Lately, I may have been judging my toilet too harshly. At this point, we’re barely even speaking. But I’m upside-down in my bathroom once again, and it’s literally staring me in the face. My bathroom’s too small; I can’t escape it. I’m trying to not think about it, but there it is again:
My toilet is a ticking time bomb. That thing has got to go.
I finish blow-drying my hair upside-down and set myself right-side up again. Once I’ve broken eye contact, if I’m really honest about it, I’ll admit it: My old toilet’s probably … perfectly fine. It’s adequate for its purposes; everything works, and, although I have no real way to know for sure, it likely does the job just as well as any other average toilet. In fact, it’s probably a little better than average. My bathroom’s done in yellow tile with one thin, pale blue stripe of tile running around the room at about shoulder height. And there, running around the top of the toilet tank, is an almost perfectly matching, thin, pale blue stripe. I mean, whoever installed the toilet went out of their way to make sure it matched. Nice! I’m someone who appreciates attention to detail, but if it were me, I’m not sure I would have gone to the trouble. If I were a little more generous some mornings, I’d at least give my toilet extra points for style.
But then, as I was volunteering down at The RE Store the other day, I saw it: my dream toilet. And unlike the last time I saw it glittering under the hot lights of a showroom floor, it’s at a price I’d actually be willing to pay for something I spend so little time with. And as an added bonus, it’s salvaged, which is one of my favorite things. Unfortunately, the very fact of its existence has begun to make me uncharacteristically discontent. As a result, every time I’m alone in the bathroom, looking at that thin, pale blue stripe through a curtain of damp hair as I move the blow-dryer around, I’m just a little … unaccountably … suspicious.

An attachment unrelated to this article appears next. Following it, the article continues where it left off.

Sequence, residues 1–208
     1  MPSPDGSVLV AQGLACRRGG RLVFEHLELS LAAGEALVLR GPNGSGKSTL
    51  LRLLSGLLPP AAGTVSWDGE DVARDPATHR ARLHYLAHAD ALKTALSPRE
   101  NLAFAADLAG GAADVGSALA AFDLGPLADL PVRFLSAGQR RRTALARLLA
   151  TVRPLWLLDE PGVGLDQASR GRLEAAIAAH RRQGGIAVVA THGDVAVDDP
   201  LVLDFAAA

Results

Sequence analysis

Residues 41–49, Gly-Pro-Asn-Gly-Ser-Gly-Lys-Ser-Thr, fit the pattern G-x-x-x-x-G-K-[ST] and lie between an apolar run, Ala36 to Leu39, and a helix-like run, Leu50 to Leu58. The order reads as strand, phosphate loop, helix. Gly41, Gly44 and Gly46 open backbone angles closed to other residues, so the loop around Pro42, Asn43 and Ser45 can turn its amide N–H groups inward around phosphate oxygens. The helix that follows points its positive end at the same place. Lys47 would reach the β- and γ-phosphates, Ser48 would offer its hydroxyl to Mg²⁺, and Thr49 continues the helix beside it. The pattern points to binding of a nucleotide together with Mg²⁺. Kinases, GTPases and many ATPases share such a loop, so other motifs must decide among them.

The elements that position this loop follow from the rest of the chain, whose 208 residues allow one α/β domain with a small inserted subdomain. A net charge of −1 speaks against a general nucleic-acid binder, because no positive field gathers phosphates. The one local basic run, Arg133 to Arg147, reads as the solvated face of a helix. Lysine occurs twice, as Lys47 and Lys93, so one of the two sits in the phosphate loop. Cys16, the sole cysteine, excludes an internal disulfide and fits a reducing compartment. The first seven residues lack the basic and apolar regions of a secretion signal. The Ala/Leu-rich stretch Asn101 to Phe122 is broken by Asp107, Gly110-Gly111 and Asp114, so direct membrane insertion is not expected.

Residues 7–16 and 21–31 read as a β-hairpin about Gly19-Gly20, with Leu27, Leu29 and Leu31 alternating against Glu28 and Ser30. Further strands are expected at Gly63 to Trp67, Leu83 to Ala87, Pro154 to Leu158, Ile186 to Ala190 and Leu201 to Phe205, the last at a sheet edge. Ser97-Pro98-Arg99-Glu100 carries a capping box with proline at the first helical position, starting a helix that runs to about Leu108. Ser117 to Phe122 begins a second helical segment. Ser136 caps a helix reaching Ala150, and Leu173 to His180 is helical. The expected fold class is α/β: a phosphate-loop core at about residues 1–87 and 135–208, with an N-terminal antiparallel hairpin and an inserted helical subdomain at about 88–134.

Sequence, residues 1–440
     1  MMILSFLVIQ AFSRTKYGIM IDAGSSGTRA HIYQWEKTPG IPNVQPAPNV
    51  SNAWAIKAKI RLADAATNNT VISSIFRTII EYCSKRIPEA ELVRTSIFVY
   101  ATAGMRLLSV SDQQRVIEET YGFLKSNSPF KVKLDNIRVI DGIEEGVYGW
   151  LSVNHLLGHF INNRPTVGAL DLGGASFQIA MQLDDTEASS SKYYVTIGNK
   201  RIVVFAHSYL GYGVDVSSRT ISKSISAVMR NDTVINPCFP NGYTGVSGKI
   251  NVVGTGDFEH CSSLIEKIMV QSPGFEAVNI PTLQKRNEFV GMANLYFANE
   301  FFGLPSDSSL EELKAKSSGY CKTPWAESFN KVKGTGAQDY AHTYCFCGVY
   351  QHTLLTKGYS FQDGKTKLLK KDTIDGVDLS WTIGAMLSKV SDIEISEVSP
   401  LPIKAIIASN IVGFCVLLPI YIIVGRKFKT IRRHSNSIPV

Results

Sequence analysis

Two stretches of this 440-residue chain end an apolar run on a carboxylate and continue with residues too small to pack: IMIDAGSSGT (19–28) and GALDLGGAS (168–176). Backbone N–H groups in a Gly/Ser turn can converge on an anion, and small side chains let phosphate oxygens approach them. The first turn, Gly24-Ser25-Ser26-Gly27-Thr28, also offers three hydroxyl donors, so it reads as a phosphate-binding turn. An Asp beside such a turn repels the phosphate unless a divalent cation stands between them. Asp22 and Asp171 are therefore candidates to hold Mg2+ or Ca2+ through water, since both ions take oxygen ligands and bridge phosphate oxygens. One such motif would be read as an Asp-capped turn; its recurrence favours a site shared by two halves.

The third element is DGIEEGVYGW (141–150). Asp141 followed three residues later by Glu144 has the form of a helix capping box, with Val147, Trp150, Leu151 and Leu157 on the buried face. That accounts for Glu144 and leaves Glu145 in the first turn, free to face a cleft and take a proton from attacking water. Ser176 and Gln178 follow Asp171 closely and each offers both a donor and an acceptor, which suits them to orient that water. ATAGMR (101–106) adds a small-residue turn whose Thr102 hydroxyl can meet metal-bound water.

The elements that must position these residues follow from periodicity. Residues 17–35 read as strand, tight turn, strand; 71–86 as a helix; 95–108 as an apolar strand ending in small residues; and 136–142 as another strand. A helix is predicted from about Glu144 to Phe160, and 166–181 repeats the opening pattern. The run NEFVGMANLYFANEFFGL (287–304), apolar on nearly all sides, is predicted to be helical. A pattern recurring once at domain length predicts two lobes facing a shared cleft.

The object of Christine’s affection – American Standard Hatbox Toilet at The RE Store: $100.
Let me be perfectly clear: I’m not one of those people who buys things for no good reason. Every time I read a magazine article that tells you to replace your fill-in-the-blank with an environmentally sustainable fill-in-the-blank, I automatically edit the sentence in my head to say, “When your fill-in-the-blank is no longer even vaguely useful, not even as a planter (or a coat rack, door prop, garden ornament, etc.), consider replacing it with an environmentally sustainable fill-in-the-blank.”
But then, every morning it’s the same thing: I’m upside-down in my bathroom, blow-drying my hair, and I start to notice things about my toilet that no one should ever be close enough to their toilet to notice. There’s a faint stain on one of the bolts holding it to the floor that just might be the beginning of rust. Is that rivulet of moisture running down the side of it the beginning of a leak, or is that just general moisture from the shower? Is that a hairline fracture starting along the base? I squint at it, swirling my hair out of the way with the blow dryer. Uh, no. It’s just a … well, never mind.
The point is, I’m trying to not let some fancy toilet sway me from my staunch conviction to not consume needlessly. But some mornings, based on whatever imaginary flaw I’m sure I’ve just spotted on my perfectly innocent toilet, I’m filled with less conviction than others. I’m kind of hoping someone will restore my relationship with my tried-and-true by snatching up my dream toilet at The RE Store, so the next time I’m upside-down in my bathroom, my toilet and I will be on speaking terms again.
Come see what might become your object of affection at the stores this week! Special thanks to Christine Clifton-Thornton for authoring this article.